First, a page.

It is therefore key to be mindful about ingredient lists to ensure that those with food sensitivities, allergies, medical conditions, pregnant women, young children and the elderly can all be made aware of what they are ordering and consuming. Certain foods and beverages can be difficult to digest and could cause inflammation in sensitive teeth. As well as encouraging youngsters to speak up about allergies, parents may want to know whether food is served hot or cold so they can adjust what they order.
Ensure that your labels have all the necessary information that customers need to make an educated decision about their purchases. You will want to include things such as where your food comes from, what ingredients you use, and if you offer any health claims.
Use a website URL with a locally grown or local business tagline in your marketing materials. This way, people can easily find out more about where your food comes from on the web or in person at markets and events.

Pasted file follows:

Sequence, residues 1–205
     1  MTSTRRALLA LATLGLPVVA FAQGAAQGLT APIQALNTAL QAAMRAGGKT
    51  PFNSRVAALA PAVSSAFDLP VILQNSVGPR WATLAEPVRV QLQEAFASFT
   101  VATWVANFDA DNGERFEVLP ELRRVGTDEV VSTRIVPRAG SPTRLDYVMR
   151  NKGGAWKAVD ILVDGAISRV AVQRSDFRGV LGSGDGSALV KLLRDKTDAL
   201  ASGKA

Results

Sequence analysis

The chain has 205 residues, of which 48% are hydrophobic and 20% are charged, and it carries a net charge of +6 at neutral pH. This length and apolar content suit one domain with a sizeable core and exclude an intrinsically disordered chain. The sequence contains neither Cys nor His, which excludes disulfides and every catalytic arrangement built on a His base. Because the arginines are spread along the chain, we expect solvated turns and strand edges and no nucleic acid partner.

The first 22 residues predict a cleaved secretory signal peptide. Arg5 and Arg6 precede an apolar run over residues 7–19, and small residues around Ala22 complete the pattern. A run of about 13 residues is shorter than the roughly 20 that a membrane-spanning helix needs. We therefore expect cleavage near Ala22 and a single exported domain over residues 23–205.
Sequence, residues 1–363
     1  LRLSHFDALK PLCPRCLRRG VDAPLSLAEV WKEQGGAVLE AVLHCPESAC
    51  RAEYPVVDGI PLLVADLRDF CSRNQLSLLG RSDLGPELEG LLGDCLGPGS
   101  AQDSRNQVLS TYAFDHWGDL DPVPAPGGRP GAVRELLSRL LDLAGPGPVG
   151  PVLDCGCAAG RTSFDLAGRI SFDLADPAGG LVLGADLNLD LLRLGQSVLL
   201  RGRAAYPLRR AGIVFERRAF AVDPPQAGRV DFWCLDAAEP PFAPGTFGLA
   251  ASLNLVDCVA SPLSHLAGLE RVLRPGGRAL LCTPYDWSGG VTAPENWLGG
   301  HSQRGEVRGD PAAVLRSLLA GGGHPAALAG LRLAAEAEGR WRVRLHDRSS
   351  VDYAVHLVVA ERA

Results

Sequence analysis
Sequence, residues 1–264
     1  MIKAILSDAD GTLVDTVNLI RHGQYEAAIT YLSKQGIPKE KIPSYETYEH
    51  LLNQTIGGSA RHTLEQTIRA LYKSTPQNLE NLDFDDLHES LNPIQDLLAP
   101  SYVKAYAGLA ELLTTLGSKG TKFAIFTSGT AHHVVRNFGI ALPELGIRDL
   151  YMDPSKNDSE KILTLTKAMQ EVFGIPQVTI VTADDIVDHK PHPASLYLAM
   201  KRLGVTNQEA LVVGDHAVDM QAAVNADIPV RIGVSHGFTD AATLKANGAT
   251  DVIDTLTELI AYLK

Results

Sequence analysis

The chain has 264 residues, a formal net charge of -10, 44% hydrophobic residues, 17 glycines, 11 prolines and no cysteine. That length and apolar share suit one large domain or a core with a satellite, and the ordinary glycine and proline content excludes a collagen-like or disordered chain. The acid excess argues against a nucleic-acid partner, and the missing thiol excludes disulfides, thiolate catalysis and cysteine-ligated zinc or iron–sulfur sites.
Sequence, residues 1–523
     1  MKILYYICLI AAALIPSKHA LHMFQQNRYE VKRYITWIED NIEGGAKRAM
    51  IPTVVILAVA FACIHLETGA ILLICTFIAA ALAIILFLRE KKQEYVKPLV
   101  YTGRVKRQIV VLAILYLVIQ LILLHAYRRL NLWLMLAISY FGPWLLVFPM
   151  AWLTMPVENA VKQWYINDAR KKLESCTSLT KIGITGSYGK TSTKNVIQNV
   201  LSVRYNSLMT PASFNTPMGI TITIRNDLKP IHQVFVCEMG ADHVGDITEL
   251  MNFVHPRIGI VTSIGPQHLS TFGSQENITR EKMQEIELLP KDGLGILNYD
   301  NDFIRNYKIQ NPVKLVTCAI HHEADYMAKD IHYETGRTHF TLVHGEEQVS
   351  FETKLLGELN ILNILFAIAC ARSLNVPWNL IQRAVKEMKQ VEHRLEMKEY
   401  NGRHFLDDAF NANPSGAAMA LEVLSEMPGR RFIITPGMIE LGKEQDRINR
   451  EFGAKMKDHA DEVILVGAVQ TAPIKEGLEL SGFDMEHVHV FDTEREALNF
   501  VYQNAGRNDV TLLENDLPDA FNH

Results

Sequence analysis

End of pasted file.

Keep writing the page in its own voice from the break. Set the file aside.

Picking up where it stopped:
Ensure your providers are aware of your ethical food sources. Be careful about your messaging and communications on your marketing campaigns, websites, newsletters, social media channels, menus and any of your labelling.
With all these options, you may wonder what you should and shouldn’t say about your food. Some topics might be off-limits because there are laws about certain products, but usually, you can feel free to tell customers as much as possible.
This can include whether your food was grown locally or how ethical it is in its production. Share what you know with confidence and remember that consumers look out for themselves.
You will have many happy customers if they have good information to share with their friends and family. Making ethical food choices matters when caring about local communities and their health. Consumers are willing to help keep small businesses alive and healthy by supporting ethically sourced products made with love!